Europe is the most sought after region in terms of high net worth immigration, accounting for over half of the total number of global citizenship applications, with the Caribbean in second place, followed by North America in third. Recent studies conducted by global immigration experts, ranked the Cyprus Citizenship by Investment Program among the “top ten best in the world”.

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Tuesday, May 23, 2017

Immigration Matters: Manchester suicide bombing terror attack kills 22,...

Immigration Matters: Manchester suicide bombing terror attack kills 22,...: A young heath and social care student from Lancashire has been named as the first victim of the Manchester suicide bomb attack at Manchest...

Manchester suicide bombing terror attack kills 22, first victim named as health and social care student

A young heath and social care student from Lancashire has been named as the first victim of the Manchester suicide bomb attack at Manchester Arena last night.



Georgina Callander with Ariana Grande


Georgina Callander, 18, pictured here with Ariana Grande a couple of years ago, was one of 22 people who died after the explosion on Monday at the end of a concert by the US singer, who tweeted that she was "broken" by the tragic events.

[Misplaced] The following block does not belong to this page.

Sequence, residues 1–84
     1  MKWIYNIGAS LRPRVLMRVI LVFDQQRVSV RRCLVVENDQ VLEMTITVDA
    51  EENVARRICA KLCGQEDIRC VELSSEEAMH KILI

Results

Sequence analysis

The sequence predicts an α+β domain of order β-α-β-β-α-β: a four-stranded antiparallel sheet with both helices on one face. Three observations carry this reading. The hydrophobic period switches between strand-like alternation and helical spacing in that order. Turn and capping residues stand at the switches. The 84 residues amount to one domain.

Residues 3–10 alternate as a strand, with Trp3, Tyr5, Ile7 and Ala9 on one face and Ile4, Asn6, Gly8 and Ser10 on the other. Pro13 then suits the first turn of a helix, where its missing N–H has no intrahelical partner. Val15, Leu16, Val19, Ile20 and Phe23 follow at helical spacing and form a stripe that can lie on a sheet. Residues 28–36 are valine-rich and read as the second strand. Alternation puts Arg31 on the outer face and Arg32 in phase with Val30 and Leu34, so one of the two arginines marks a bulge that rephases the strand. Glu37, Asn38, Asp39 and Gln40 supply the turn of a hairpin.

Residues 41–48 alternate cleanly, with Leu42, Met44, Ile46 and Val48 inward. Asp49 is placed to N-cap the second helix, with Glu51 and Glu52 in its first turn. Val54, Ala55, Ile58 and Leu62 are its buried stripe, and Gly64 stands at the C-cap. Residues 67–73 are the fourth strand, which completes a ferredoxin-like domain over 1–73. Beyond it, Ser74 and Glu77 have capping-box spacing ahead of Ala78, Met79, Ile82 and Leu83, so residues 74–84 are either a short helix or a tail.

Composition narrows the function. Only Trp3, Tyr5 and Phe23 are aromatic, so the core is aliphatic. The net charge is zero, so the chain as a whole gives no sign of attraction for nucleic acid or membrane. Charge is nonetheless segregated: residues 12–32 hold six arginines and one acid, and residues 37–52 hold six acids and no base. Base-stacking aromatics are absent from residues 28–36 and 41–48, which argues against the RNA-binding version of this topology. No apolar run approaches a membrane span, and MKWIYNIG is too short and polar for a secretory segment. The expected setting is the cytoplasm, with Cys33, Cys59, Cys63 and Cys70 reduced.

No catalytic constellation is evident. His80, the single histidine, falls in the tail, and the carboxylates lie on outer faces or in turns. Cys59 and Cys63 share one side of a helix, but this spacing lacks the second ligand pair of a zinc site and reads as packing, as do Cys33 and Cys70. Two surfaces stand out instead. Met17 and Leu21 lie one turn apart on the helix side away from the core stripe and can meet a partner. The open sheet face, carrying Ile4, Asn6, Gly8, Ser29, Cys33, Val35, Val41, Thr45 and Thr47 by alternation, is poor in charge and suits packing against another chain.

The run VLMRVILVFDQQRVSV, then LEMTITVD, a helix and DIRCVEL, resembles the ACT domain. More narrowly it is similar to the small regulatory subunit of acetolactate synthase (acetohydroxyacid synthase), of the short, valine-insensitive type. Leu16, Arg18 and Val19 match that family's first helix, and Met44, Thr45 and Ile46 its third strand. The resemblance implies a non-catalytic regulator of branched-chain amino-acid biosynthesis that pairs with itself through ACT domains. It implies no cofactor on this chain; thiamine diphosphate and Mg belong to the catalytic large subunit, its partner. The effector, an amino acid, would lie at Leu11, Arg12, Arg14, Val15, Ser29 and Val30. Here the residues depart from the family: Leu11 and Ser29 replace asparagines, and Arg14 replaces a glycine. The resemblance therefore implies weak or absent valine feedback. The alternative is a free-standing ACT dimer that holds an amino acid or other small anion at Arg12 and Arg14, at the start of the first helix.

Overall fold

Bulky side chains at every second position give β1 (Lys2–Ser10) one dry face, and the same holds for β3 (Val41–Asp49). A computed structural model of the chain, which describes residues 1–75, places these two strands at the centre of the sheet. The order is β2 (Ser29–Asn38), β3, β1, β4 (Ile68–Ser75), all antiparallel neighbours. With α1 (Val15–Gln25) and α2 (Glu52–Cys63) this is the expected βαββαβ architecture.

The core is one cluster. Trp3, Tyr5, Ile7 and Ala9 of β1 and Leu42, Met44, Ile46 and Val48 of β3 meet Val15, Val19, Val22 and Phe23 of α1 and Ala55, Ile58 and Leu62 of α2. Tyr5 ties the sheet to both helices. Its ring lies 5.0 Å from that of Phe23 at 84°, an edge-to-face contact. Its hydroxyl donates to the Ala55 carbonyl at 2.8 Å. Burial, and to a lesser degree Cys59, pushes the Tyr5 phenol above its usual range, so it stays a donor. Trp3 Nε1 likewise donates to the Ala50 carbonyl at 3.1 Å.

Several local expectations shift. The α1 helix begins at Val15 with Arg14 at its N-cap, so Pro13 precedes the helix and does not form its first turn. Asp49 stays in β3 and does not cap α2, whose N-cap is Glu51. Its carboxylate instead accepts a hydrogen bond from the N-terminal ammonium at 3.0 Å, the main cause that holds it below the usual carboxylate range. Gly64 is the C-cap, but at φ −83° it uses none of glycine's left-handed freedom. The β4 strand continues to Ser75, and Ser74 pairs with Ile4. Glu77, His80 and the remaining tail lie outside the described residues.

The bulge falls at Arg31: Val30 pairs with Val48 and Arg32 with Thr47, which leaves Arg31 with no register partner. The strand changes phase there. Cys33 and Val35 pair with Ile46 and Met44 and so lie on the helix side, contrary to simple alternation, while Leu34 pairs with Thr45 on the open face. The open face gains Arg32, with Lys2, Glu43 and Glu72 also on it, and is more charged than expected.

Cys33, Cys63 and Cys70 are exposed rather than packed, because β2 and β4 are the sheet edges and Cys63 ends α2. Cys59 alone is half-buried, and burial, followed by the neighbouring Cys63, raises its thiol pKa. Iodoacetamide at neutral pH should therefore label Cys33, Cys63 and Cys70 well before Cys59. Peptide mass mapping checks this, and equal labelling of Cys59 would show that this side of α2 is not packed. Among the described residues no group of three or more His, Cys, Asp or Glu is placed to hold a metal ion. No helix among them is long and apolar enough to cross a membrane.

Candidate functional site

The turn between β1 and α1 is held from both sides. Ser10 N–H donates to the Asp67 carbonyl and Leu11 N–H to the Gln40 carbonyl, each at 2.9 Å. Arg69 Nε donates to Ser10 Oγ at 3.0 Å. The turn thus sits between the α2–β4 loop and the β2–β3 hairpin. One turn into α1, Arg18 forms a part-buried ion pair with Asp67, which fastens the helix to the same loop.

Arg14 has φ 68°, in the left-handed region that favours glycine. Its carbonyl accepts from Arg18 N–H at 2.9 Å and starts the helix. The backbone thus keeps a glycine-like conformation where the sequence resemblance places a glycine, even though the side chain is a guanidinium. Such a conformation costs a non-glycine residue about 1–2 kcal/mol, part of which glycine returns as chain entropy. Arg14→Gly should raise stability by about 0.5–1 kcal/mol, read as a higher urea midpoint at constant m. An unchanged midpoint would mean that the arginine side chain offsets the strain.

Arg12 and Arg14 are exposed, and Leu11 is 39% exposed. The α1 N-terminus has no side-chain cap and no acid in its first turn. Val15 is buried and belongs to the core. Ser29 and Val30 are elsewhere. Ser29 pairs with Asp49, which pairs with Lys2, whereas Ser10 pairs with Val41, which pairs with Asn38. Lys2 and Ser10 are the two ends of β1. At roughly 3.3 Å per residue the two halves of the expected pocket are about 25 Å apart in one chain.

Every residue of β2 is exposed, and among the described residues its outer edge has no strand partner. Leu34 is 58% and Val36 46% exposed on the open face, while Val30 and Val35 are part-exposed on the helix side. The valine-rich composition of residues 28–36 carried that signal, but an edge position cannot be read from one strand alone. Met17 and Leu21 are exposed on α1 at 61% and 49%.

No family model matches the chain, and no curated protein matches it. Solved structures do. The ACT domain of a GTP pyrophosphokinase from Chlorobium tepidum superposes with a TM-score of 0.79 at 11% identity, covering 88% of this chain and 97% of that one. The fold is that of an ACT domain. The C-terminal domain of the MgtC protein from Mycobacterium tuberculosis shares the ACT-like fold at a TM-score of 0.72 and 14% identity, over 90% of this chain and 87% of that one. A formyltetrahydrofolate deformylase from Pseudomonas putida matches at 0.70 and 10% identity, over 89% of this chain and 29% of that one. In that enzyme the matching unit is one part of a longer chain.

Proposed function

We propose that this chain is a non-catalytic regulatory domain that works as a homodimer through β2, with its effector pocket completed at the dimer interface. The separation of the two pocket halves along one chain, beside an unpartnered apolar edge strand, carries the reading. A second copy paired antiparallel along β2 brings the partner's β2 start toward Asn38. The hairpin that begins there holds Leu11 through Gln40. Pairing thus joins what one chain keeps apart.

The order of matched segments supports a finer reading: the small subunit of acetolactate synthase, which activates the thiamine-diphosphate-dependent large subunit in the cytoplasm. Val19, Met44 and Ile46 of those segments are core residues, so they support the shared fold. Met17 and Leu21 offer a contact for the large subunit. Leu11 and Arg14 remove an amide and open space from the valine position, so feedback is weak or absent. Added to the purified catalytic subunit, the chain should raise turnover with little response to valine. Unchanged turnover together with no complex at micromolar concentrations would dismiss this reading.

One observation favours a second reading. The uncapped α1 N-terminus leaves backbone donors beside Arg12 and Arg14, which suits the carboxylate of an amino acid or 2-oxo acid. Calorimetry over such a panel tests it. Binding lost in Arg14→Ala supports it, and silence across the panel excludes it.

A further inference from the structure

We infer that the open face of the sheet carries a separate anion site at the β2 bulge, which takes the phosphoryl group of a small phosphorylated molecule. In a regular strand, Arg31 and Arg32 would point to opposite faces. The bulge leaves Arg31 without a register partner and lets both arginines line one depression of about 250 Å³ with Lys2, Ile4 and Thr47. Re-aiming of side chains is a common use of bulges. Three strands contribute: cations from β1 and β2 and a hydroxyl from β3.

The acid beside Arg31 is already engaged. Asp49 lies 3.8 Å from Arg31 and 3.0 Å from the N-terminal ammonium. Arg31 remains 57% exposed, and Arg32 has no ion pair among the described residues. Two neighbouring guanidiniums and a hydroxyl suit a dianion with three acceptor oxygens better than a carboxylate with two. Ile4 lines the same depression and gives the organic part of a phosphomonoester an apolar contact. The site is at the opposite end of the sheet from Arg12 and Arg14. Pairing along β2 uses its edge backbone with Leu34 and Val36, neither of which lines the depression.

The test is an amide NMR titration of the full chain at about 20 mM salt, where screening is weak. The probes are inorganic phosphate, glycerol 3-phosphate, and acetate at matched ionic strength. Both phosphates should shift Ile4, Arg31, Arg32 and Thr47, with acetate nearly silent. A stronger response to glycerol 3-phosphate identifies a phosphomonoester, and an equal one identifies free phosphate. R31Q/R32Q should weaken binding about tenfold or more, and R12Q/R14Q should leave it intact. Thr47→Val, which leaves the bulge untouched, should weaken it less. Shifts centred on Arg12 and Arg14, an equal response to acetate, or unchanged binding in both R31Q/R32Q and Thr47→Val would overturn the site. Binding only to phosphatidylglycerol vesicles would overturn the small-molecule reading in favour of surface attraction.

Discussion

News is coming through that the youngest victim was an eight year old girl killed in the blast. The girl, Saffie Roussos, 8, was a pupil at Tarleton Primary School, in Lancashire

The suspect, as yet unnamed by the police, is said to have been a lone attacker  who detonated a homemade bomb in the packed foyer at 22:33 BST on Monday, in what Prime Minister Theresa May called an "appalling, sickening" terrorist act.

Armed police have arrested a 23-year-old man in Chorlton, south Manchester, in connection with the attack, the BBC has reported.

In a statement by Runshaw College in Leyland made with "enormous sadness", they confirmed that Georgina was on the second year of a health and social care course.

"Our deepest sympathies, thoughts and prayers go out to all of Georgina's family, friends, and all of those affected by this loss," the college said.

"We are offering all available support possible at this tragic time, including counselling with our dedicated student support team."

Georgina was studying for qualifications to enable her to give service to others and our thoughts and prayers go to her and all the victims and families.

Relatives are using social media to hunt for missing loved ones, and an emergency number, 0161 856 9400, has been set up.

The UK is an open country where people can visit and stand close to government buildings. They can roam freely in city centres and airports. Will this have to change in order to guarantee the safety of its citizens and visitors?